Khavari, Rose; Karmonik, Christof; Shy, Michael; Fletcher, Sophie; Boone, Timothy

    2017-02-01

    Neurogenic lower urinary tract dysfunction, which is common in patients with multiple sclerosis, has a significant impact on quality of life. In this study we sought to determine brain activity processes during the micturition cycle in female patients with multiple sclerosis and neurogenic lower urinary tract dysfunction. We report brain activity on functional magnetic resonance imaging and simultaneous urodynamic testing in 23 ambulatory female patients with multiple sclerosis. Individual functional magnetic resonance imaging activation maps at strong desire to void and at initiation of voiding were calculated and averaged at Montreal Neuroimaging Institute. Areas of significant activation were identified in these average maps. Subgroup analysis was performed in patients with elicitable neurogenic detrusor overactivity or detrusor-sphincter dyssynergia. Group analysis of all patients at strong desire to void yielded areas of activation in regions associated with executive function (frontal gyrus), emotional regulation (cingulate gyrus) and motor control (putamen, cerebellum and precuneus). Comparison of the average change in activation between previously reported healthy controls and patients with multiple sclerosis showed predominantly stronger, more focal activation in the former and lower, more diffused activation in the latter. Patients with multiple sclerosis who had demonstrable neurogenic detrusor overactivity and detrusor-sphincter dyssynergia showed a trend toward distinct brain activation at full urge and at initiation of voiding respectively. We successfully studied brain activation during the entire micturition cycle in female patients with neurogenic lower urinary tract dysfunction and multiple sclerosis using a concurrent functional magnetic resonance imaging/urodynamic testing platform. Understanding the central neural processes involved in specific parts of micturition in patients with neurogenic lower urinary tract dysfunction may identify areas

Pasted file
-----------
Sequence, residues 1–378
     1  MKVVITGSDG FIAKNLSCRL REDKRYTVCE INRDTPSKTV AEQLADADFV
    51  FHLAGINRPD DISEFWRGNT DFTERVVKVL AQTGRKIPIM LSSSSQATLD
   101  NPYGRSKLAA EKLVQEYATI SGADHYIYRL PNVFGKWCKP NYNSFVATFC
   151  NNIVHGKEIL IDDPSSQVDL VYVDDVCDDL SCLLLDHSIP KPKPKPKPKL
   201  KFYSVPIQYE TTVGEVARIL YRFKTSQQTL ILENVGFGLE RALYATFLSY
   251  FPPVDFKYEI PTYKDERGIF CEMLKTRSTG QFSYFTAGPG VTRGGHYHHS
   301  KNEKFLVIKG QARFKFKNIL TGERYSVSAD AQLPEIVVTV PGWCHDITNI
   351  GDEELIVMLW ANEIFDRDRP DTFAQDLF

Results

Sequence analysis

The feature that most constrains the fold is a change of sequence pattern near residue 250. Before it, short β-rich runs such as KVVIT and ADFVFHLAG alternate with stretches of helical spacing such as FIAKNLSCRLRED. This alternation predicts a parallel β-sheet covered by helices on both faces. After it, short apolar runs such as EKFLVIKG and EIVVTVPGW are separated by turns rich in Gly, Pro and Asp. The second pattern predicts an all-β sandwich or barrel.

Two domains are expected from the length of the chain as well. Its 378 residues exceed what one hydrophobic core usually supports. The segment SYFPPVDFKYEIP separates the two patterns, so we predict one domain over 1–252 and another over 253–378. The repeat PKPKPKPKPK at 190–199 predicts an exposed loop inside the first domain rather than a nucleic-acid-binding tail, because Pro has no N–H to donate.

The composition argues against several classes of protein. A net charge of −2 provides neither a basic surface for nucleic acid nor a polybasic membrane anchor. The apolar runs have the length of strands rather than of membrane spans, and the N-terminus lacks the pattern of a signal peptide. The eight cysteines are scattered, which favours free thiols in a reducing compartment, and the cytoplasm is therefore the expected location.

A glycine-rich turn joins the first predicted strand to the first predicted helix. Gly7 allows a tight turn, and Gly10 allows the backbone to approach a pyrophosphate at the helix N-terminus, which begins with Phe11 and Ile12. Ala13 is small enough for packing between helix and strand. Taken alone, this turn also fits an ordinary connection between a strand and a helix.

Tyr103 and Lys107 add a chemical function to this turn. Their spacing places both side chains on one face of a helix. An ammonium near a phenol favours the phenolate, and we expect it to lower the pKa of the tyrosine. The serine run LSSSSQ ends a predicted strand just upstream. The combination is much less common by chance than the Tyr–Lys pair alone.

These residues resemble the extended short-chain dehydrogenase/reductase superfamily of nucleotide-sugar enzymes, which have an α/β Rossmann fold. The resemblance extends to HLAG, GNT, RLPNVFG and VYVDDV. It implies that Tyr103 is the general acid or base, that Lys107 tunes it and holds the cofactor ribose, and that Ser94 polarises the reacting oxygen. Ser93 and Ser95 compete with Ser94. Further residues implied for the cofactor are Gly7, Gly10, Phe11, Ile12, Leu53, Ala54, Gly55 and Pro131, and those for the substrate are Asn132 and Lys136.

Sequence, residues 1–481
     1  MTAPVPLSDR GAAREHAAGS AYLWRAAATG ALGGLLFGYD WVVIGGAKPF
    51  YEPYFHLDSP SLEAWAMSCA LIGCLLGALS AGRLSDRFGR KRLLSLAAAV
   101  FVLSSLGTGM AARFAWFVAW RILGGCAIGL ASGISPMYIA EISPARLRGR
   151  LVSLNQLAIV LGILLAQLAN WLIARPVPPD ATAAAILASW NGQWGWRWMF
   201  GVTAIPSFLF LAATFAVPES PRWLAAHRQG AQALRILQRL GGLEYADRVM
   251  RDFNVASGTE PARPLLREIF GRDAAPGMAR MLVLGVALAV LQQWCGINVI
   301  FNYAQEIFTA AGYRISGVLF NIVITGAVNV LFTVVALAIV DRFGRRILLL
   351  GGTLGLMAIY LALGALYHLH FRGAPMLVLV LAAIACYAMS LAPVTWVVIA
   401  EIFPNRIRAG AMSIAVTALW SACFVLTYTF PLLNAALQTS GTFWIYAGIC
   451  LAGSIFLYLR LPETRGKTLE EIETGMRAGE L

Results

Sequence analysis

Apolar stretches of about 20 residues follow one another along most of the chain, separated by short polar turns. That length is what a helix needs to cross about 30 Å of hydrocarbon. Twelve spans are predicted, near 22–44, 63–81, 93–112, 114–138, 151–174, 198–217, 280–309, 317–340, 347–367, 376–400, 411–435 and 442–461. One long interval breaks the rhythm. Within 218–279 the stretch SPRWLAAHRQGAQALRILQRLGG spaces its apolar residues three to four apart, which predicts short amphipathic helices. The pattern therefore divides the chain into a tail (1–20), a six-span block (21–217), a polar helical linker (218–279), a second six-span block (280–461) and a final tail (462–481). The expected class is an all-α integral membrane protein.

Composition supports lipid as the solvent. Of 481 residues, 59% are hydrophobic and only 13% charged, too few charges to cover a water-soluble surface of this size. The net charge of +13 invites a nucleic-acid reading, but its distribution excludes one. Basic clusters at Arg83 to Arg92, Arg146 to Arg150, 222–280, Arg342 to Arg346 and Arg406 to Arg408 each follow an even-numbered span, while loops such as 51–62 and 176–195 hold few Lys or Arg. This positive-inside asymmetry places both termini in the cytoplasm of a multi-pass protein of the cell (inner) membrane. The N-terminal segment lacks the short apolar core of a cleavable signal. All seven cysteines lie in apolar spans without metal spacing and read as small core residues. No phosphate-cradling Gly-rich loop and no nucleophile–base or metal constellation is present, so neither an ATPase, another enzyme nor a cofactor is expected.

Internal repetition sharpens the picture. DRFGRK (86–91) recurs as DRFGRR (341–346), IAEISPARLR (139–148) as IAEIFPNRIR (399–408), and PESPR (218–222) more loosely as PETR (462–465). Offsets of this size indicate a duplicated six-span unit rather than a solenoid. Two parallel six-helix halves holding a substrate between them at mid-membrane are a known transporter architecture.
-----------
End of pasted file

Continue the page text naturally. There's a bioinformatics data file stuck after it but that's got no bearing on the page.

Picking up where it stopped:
16. Dual Contrast - Magnetic Resonance Fingerprinting (DC-MRF): A Platform for Simultaneous Quantification of Multiple MRI Contrast Agents.

    Science.gov (United States)